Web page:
American Folk Music
Short Articles and Blog Posts
The articles below are a selection of the many online articles, blog posts, and artist biographies shared by Smithsonian museums, cultural centers, and research centers on the topic of American folk music. Smithsonian Folkways Recordings and the Smithsonian Center for Folklife and Cultural Heritage are particularly rich sources of similar articles, along with the National Museum of American History and the National Museum of African American History and Culture.
Smithsonian Collections Related to American Folk Music
The Smithsonian is home to a number of primary resources chronicling the history and legacy of American folk music. Moses Asch was instrumental in much of the folk music revival, and along with his wife, left a large collection of archival material in the Smithsonian's care, the Moses and Frances Asch Collection. The four additional collections shown below also include photographs, sheet music, and paper that document the history of the folk music revival.
Many of the museums and cultural centers at the Smithsonian care for objects or music that are part of the history of folk music in America. Some are from the folk revival, others remember folk music in situ, as it were, having been used or created in conjunction with the performance of American folk music. Some of these can be seen below in the slideshow, or explored further by visiting our selection of American Folk Music objects.
Diana Davies Photographs, 1963-2009
Diana Davies is a well-known photographer of folk performers and festivals. Davies photographed the Smithsonian Folklife Festival in its earlier years…. Davies' folk photographs represent about one-quarter of her body of work; her other major photographic work includes the Civil Rights Movement, the Peace Movement, and theater.
Lee Hays papers, 1923-1981
Lee Hays (1914-1981) was an influential American singer, songwriter, author, and activist. His legacy, both literary and musical, emphasizes the dynamic relationship between traditional culture and contemporary events and issues. The Lee Hays papers, which date from 1923-1981, contain personal and business correspondence; typescripts of Lee Hays' fiction, non-fiction, scripts and poetry; miscellaneous project and idea materials; business documents; and audiorecordings made by Lee Hays.
Sam DeVincent Collection of Illustrated American Sheet Music
DeVincent collected sheet music and related materials during most of his lifetime. His interest included both the music and the cover art. The collection originally included 781 boxes of American sheet music and assorted clippings, articles, photographs, etc.; also 93 boxes of 33-1/3 RPM phonograph records, 30 boxes of 45 RPM records, and 20 boxes of 78 RPM records. Organized by topic, Series 3 is the section on African American Music, and Series 16 holds Country, Western, and Folk Music. There are twenty-four series in the collection at this time.
The Robert C. Malone photographs, 1957-1961
The Robert C. Malone photographs document the performances of folk singers. The collection dates from 1957 to circa 1961. During the late 1950's and early 1960's, Mr. Malone moved between Chicago and New York photographing folk singers such as the Weavers and Cisco Houston.
Recordings of American Folk Music
The Smithsonian's record label, Smithsonian Folkways Recordings, is "dedicated to supporting cultural diversity and increased understanding among peoples through the documentation, preservation, and dissemination of sound" (Mission and History, Smithsonian Folkways Recordings). American folk music was among the earliest music documented by the label, and remains an important part of the Smithsonian collection. The albums shared below are a selection of the many American folk albums available through Smithsonian Folkways Recordings, and can be sampled or purchased by clicking on the album thumbnail to visit the Smithsonian Folkways website.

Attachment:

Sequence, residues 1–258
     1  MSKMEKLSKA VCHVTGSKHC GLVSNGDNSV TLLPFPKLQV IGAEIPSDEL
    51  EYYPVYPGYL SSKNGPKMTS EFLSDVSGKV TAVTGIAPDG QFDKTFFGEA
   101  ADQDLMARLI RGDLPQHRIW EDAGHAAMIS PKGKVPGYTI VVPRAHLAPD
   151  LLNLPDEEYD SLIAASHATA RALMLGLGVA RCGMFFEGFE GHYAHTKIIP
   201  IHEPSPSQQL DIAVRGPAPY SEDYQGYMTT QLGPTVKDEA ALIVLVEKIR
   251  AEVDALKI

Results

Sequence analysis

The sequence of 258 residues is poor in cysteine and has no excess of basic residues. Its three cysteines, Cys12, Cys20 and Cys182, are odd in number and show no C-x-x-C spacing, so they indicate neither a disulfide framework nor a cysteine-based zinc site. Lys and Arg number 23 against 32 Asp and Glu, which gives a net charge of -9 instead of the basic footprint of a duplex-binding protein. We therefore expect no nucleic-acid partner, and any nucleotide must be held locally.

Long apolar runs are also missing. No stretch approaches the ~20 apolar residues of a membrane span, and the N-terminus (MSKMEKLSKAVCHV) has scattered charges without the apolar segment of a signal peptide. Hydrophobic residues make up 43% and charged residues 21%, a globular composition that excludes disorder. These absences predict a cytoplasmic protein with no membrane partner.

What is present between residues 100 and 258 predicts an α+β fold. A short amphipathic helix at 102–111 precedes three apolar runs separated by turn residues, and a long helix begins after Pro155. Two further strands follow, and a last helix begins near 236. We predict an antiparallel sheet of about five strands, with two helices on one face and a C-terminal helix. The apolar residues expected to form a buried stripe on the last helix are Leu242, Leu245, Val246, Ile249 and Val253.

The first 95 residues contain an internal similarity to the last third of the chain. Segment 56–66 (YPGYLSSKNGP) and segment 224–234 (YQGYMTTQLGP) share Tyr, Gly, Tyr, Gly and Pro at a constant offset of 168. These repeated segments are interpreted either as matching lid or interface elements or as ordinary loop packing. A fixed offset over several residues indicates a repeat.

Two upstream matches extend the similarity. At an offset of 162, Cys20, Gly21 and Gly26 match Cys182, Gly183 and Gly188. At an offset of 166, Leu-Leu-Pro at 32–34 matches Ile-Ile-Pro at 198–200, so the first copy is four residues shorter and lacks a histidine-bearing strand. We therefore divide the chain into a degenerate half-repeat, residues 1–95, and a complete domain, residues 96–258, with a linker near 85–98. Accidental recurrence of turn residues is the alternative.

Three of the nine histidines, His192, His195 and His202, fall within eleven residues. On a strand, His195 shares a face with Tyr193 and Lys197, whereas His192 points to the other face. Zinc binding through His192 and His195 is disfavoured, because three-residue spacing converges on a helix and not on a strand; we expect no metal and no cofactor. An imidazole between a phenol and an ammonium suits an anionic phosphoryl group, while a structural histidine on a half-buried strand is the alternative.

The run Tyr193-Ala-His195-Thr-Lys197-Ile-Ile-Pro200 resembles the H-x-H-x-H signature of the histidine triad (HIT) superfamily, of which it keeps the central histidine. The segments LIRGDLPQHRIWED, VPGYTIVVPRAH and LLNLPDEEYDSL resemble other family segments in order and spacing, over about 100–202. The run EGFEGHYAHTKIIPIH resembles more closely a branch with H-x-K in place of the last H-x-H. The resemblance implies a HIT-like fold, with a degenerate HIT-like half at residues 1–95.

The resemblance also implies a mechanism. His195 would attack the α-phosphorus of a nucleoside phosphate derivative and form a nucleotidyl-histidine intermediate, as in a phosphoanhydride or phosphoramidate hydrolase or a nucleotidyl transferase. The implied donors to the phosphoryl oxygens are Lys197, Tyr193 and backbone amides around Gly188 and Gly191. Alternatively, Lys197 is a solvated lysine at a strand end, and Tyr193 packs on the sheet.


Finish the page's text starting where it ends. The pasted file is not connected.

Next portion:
Additional resources for understanding and exploring American folk music can be found across the institution. Here are a few of the resources available.
Smithsonian Music Banjo Spotlight: A spotlight on banjos at the Smithsonian Institution, highlighting collections and resources relating to the banjo, and featuring videos by Smithsonian staff member and banjo scholar, Greg Adams.
This Land Is Your Land: The Life and Legacy of Woody Guthrie (Smithsonian Institution Traveling Exhibition Service, toured from 1999-2002; presented at the National Museum of American History May 26, 2000 – September 24, 2000): "This Land is Your Land explored the life and work of one of America's greatest folk heroes, Woody Guthrie. Poet, singer, artist, and humorist, Woodrow Wilson Guthrie left dust-bowl poverty to commence a life of music and adventure that never lost ties to the less-advantaged in American society. His deep empathy for the common man infused his music with purpose and sparked a life-long dedication to social activism. Woody was a traveling folklorist, collecting cowboy songs, mountain ballads, religious music, blues, and work chants and then blending these styles into more than 1,000 original songs, each revealing an aspect of the American soul" (SITES Archive).
The exhibition traveled around the country for three years, including a stop at the Smithsonian's National Museum of American History. More information on the exhibit can be learned from visiting the SITES Archive or visiting the Woody Guthrie website exhibition archive (the previous link directs to a website not affiliated with the Smithsonian).
Educational Materials and Lesson Plans: The Smithsonian Institution offers collections-based lesson plans available to educators free of charge. A number of these are centered around American folk music, including, but not limited to, the following examples.
This spotlight was created by Kate Duffus Stein on behalf of Smithsonian Music.